For some, National Missing Persons Week seems like something out of a television show but for others it is a painful reminder of the questions that are still left unanswered.
Now in its 31st year, National Missing Persons Week is focusing on the theme, ‘individuals not statistics’ to stress that these are real people with real stories, families and friends.
The Australian Federal Police (AFP) National Missing Persons Coordination Centre (NMPCC) is shining a spotlight on Australia’s long-term missing, four of which were last seen in the Penrith region.
The unsolved mysteries of Jordan Morris, Gregory Bennett, Katherine Ackling-Bryen and Lynette Melbin weigh heavily on the community, as we continue to question what really happened.
26-year-old Jordan Morris is one of Penrith’s most recent cases, disappearing on Friday, April 24, 2015.
Last seen in the vicinity of Castlereagh Road, the last person he contacted was his mother via Facebook in mid-March 2015. No one has heard from him since.
Despite thorough investigation and multiple searches in the area, his whereabouts remains unknown, with grave concerns for his welfare.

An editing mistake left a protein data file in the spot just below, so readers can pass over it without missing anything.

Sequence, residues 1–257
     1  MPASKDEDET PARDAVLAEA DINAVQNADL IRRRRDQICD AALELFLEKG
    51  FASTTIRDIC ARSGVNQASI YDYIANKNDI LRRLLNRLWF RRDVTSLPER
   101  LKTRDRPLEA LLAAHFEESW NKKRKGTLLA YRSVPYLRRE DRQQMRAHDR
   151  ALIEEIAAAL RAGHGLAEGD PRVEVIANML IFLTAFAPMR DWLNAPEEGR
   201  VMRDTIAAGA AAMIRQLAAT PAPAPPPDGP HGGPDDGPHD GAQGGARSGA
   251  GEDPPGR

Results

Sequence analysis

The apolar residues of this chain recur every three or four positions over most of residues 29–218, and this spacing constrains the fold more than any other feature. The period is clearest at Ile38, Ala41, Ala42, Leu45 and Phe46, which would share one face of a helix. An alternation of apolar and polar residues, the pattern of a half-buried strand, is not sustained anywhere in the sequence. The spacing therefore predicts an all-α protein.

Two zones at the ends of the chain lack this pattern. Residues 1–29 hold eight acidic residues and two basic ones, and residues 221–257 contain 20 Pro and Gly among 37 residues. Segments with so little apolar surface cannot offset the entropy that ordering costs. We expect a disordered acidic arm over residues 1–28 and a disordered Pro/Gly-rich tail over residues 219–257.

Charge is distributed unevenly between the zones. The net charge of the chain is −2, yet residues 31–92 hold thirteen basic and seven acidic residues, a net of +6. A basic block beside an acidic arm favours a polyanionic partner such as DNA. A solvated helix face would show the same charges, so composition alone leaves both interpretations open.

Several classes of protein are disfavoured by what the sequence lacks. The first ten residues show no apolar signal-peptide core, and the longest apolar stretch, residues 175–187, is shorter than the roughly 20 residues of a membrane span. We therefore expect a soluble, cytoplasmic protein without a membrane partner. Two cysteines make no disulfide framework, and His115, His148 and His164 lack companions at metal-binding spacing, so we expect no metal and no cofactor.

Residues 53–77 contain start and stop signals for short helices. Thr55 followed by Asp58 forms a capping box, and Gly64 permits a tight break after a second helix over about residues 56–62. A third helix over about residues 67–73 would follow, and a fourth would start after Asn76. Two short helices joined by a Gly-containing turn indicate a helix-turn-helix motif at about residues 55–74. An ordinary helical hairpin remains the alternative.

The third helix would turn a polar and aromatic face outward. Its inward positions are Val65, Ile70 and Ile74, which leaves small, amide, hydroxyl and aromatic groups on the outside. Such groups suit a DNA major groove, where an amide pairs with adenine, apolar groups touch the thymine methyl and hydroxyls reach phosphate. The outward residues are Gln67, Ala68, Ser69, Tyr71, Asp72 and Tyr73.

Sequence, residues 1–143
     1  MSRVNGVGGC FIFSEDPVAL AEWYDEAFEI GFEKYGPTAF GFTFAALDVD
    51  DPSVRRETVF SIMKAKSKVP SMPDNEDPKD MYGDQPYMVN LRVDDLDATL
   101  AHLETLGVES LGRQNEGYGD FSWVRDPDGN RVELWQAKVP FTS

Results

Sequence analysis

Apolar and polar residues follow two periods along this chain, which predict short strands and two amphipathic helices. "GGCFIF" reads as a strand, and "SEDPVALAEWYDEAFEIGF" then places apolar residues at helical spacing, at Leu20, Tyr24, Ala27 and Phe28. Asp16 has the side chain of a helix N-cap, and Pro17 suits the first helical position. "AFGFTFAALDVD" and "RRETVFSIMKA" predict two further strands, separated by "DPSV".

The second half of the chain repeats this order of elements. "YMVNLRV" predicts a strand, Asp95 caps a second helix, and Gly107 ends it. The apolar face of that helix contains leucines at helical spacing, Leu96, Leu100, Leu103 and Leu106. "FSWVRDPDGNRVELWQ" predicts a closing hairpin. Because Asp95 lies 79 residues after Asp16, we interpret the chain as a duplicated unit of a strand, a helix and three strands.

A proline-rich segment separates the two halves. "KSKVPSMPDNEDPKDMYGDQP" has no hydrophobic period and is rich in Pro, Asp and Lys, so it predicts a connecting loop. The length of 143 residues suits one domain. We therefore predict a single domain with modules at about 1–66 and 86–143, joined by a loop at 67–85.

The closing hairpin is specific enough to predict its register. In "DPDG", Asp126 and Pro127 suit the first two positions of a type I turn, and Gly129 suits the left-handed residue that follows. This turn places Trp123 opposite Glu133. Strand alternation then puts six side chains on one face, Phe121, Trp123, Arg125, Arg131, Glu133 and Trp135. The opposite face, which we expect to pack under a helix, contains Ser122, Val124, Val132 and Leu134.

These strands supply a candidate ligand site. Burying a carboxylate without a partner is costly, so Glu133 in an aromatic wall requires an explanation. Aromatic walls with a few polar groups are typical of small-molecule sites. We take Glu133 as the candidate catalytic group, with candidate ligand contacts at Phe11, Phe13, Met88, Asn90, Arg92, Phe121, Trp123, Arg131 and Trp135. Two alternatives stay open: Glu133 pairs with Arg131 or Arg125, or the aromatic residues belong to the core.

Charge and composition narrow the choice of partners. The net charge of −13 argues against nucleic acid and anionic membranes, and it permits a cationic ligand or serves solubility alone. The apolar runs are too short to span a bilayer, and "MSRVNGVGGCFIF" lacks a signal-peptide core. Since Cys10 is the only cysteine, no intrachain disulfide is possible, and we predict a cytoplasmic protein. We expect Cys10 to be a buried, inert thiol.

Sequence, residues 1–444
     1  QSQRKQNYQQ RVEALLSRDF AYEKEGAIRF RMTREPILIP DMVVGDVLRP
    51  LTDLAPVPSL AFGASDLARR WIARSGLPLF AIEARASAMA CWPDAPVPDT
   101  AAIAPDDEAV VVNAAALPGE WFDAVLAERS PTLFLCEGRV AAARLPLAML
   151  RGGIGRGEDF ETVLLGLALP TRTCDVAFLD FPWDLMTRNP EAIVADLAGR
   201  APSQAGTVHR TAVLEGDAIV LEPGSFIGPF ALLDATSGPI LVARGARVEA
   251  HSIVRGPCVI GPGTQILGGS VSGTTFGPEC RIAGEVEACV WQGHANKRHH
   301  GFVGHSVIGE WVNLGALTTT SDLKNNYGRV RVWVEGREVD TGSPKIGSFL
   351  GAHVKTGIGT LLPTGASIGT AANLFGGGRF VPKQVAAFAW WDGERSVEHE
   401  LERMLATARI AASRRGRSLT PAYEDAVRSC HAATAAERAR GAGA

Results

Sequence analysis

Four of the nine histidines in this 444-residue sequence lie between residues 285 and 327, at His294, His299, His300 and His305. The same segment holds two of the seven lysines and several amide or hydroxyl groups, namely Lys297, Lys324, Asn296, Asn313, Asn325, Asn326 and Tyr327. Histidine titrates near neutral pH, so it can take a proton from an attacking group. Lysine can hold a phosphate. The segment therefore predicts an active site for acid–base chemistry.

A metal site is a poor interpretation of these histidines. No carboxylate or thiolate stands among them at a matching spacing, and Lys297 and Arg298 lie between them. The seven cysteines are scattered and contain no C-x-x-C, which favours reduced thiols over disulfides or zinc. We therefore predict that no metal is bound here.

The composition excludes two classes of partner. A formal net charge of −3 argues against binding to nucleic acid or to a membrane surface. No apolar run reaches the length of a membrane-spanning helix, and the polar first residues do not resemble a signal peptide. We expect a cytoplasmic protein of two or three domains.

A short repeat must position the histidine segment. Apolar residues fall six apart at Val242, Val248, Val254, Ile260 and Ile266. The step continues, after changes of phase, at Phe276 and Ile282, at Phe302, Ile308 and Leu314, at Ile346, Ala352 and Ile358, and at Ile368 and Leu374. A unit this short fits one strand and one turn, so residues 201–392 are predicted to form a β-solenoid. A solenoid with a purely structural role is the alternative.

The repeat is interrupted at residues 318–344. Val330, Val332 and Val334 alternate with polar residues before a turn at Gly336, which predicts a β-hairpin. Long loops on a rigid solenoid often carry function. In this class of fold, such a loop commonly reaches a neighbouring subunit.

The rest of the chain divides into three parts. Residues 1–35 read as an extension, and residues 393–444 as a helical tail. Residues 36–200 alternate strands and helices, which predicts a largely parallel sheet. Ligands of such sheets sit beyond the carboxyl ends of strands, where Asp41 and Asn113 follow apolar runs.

Oxley Park mum Katherine Ackling-Bryen vanished back in 2016 and was last spotted in St Marys.
A coroner’s inquest in 2017 found Ms Ackling-Bryen to be dead, on the grounds of her mental health history, although her body has never been found.
Penrith’s most long standing missing persons are Gregory Bennett, who was last seen in Lemongrove on Friday, November 4 1988 and Lynette Melbin who was last seen on Monday, June 5 1972 at Penrith Plaza.
Mr Bennett would now be 71-years-old and Ms Melbin 62-years-old.
AFP Commander Justine Gough, who manages the National Missing Persons Coordination Centre, said it is sometimes easy to generalise the 2,600 long-term missing persons in Australia and lose the essence of the individual.
“The people captured in the statistic are not just ‘missing persons’, they are fathers, daughters, and sons; students, chefs and academics, we don’t want people to forget that,” she said.
If you have information that may assist police to locate any missing persons, contact Crime Stoppers on 1800 333 000 or your local police station.
A graduate of Western Sydney University, Nicola Barton is a news journalist with the Western Weekender, primarily covering crime and politics.